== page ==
The history (and mystery) of South Carolina’s official flag

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South Carolina state flag
South Carolina state flag

Table of Contents

That’s no moon… or is it?

Pop quiz: What symbols adorn the South Carolina state flag?

If you answered a palmetto tree + a crescent moon, you’re wrong. Or, at least, you could be wrong.

Here’s the thing: as is often the case when it comes to history, we’ve lost track of some of it. And now, modern-day historians disagree on what we’re actually looking at when it comes to the state flag. 

Confused? Don’t worry – we’ll explain.

 

Started at Fort Moultrie now we here

The story begins with one man: Colonel William Moultrie. From his fort on what is now Sullivan’s Island, Moultrie defended the Charleston Harbor from British warships.

fort moultrie
Fort Moultrie | Photo by @walk_with_steve

For nine grueling hours on June 28, 1776, British battleships pounded Fort Sullivan with cannon fire – but to no avail. That’s because its walls were fortified with palmetto logs that, rather than shattering, absorbed the force from the cannonballs.

Eventually, the Redcoats withdrew. Of course, they did go on to carry out a successful siege of Charleston – but thanks to the fierce protection by the palmetto logs, today, Fort Sullivan (now Fort Moultrie) was still standing by the end of the Revolutionary War. 

How does that play into the story of our state flag, you ask? Two ways. One: because the life-saving work of the palmetto logs can be attributed in the sabal palmetto ultimately being designated South Carolina’s State tree. And two: because Colonel Moultrie designed a flag that hung at Fort Sullivanone that eventually inspired the design of the state flag.

The Fort Moultrie Flag

The Ft. Moultrie Flag
The Ft. Moultrie Flag

Col. Moultrie’s chose blue to be the color of the flag so that it would match the color of his soldiers’ uniforms.

The crescent, with the word “liberty” written across it, also paid homage to their uniforms: their caps were adorned with silver crescents, along with the words “Liberty or Death.” (Or was it a gorget? More on that in a second.)

Does this all look familiar? It should. After the war ended, state leaders used this flag as a basis for the design of the official state flag in 1861. The word ‘liberty’ was taken out, and, of course, the palmetto tree was added.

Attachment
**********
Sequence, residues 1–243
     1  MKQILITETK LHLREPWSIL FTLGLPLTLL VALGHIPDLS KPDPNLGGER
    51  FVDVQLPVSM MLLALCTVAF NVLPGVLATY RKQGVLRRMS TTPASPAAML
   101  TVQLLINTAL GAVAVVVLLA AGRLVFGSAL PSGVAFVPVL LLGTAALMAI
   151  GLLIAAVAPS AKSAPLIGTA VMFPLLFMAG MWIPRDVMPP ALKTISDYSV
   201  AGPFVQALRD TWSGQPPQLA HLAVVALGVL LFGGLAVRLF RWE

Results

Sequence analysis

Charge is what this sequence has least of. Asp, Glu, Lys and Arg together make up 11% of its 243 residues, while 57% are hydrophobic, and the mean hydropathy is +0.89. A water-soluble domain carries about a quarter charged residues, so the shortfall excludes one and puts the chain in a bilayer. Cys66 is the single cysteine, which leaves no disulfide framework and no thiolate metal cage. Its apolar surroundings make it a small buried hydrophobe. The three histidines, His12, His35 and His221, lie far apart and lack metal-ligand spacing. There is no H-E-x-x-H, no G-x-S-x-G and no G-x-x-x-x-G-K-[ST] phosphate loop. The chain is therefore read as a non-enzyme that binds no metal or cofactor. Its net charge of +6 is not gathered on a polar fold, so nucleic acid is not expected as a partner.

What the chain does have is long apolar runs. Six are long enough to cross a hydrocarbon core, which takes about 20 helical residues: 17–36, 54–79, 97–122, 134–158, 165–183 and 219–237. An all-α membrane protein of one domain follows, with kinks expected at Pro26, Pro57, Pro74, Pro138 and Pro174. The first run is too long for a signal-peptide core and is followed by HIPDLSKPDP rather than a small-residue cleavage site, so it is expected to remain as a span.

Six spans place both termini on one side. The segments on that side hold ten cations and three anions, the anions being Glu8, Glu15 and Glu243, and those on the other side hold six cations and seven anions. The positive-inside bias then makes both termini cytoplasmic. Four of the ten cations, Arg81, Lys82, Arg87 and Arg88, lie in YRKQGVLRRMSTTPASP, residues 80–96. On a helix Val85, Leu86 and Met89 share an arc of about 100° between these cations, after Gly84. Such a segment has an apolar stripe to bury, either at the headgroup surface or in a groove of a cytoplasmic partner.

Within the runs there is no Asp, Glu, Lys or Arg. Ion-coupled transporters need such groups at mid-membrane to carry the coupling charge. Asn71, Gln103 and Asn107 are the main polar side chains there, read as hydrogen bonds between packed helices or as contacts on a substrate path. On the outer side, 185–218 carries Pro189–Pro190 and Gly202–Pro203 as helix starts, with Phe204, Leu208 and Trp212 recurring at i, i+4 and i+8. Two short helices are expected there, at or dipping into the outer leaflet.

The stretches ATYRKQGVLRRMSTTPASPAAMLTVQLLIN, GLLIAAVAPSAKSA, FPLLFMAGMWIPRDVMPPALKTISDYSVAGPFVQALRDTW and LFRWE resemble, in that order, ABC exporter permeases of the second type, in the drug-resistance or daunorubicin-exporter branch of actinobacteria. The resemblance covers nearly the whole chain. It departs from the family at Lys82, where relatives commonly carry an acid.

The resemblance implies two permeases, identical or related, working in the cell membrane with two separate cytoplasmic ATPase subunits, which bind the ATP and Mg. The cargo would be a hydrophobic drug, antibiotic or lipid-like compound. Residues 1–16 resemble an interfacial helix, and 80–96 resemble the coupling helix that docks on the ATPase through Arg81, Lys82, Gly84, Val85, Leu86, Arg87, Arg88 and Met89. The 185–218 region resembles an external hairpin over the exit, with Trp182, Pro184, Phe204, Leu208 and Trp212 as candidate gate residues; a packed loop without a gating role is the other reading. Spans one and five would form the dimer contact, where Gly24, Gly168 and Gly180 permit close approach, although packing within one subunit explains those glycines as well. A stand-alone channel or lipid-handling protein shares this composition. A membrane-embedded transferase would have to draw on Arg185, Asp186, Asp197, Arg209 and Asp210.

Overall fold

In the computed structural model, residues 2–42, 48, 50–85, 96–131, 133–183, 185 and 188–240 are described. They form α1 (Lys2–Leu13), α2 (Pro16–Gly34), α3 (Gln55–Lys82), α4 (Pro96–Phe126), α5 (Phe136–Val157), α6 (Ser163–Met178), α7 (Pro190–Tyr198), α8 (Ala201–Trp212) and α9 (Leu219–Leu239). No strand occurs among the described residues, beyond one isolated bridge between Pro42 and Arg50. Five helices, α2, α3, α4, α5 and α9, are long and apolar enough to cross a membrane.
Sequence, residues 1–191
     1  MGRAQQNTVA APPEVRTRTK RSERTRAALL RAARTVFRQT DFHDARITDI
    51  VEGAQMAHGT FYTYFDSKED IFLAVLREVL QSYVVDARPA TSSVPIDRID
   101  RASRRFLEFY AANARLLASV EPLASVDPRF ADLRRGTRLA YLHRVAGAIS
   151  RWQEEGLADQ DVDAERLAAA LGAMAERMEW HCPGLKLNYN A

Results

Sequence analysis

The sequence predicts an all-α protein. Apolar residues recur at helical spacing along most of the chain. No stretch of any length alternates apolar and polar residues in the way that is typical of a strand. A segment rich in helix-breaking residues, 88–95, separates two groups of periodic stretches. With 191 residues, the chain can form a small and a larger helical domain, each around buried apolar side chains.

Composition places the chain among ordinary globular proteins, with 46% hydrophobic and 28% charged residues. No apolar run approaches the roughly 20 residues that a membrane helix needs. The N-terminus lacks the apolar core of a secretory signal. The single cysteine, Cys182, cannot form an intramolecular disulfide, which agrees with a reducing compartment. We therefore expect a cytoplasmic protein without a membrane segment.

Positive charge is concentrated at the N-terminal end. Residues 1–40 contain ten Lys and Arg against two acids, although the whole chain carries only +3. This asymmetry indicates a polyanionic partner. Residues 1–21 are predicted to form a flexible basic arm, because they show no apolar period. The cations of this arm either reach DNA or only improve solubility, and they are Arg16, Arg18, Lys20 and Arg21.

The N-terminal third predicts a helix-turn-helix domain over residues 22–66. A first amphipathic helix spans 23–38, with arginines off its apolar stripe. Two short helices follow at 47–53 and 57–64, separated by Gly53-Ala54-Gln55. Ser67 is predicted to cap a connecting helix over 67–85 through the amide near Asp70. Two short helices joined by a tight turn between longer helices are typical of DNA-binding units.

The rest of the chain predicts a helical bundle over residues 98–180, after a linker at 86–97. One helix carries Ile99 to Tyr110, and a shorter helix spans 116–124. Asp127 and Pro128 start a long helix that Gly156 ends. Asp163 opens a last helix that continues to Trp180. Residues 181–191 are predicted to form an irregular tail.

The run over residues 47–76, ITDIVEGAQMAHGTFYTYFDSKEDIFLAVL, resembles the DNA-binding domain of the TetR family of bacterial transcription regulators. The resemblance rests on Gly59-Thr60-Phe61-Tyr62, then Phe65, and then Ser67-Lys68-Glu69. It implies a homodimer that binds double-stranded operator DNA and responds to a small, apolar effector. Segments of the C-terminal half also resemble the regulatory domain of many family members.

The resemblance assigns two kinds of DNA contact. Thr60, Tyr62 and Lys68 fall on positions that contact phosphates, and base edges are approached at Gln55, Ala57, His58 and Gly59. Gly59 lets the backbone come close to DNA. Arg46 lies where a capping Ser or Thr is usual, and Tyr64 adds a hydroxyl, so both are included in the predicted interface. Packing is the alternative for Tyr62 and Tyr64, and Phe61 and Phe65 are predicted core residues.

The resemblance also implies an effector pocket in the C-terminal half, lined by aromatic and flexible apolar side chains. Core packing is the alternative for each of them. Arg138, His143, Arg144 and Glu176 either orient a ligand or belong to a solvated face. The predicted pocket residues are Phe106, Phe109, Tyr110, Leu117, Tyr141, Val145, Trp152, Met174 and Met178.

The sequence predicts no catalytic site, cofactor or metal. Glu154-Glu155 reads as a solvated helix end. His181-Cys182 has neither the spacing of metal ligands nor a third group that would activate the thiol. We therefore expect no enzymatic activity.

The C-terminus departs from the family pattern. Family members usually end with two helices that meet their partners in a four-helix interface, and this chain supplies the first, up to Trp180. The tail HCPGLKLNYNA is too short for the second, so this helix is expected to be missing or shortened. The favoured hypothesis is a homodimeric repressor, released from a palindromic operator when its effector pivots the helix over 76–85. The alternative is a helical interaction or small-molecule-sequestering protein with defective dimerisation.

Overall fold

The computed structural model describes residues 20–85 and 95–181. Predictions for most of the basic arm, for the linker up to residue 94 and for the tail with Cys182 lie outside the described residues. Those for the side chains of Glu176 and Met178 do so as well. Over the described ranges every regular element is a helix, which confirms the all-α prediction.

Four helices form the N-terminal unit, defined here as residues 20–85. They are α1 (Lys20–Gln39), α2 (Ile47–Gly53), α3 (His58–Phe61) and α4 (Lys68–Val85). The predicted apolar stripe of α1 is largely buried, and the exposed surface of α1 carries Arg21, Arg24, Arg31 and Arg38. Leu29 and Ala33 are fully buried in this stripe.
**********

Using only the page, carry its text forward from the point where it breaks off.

Gorget what you think you know

gorget
A gorget for an officer of the South Carolina Infantry Regiment

The crescent, positioned over in the top left corner, seems to welcome the comparison of a moon shining over a palmetto tree. But a lot of people will tell you that it’s not a moon at all, but a crescent-shaped piece of armor worn across the throat called a “gorget.” 

Some argue that the gorget symbol was worn on the hats of soldiers as a way of paying tribute to the days of wearing body armor. And being that the crescent symbol on the flag was taken from the uniforms, that would mean the symbol on the flag is also a gorget – not a moon

Historians have scoured records from the time in an attempt to identify the object once and for all. They even read Col. Moultrie’s diary in the hopes it would shed some light on the mystery – but even in his most private confessions, Moultrie only referred to the symbol as a “crescent.”

50 Shades of Gray Areas

different versions of the state flag
The most popular versions of the S.C. state flag | @PickSCFlag

Believe it or not, the crescent isn’t the only point of contention on the flag. As lawmakers never established any official guidelines on what the flag should look like, there isn’t a universally accepted design. The consequence of having no solidified design is that the position, placement, size + color of the symbols varies depending on the flag maker.

Lawmakers even reviewed the issue as recently as last year, after it was brought to their attention by Newberry-based political consultant Scott Malyrerck. But the session ended without any flag-related legislation reaching the Senate floor. 

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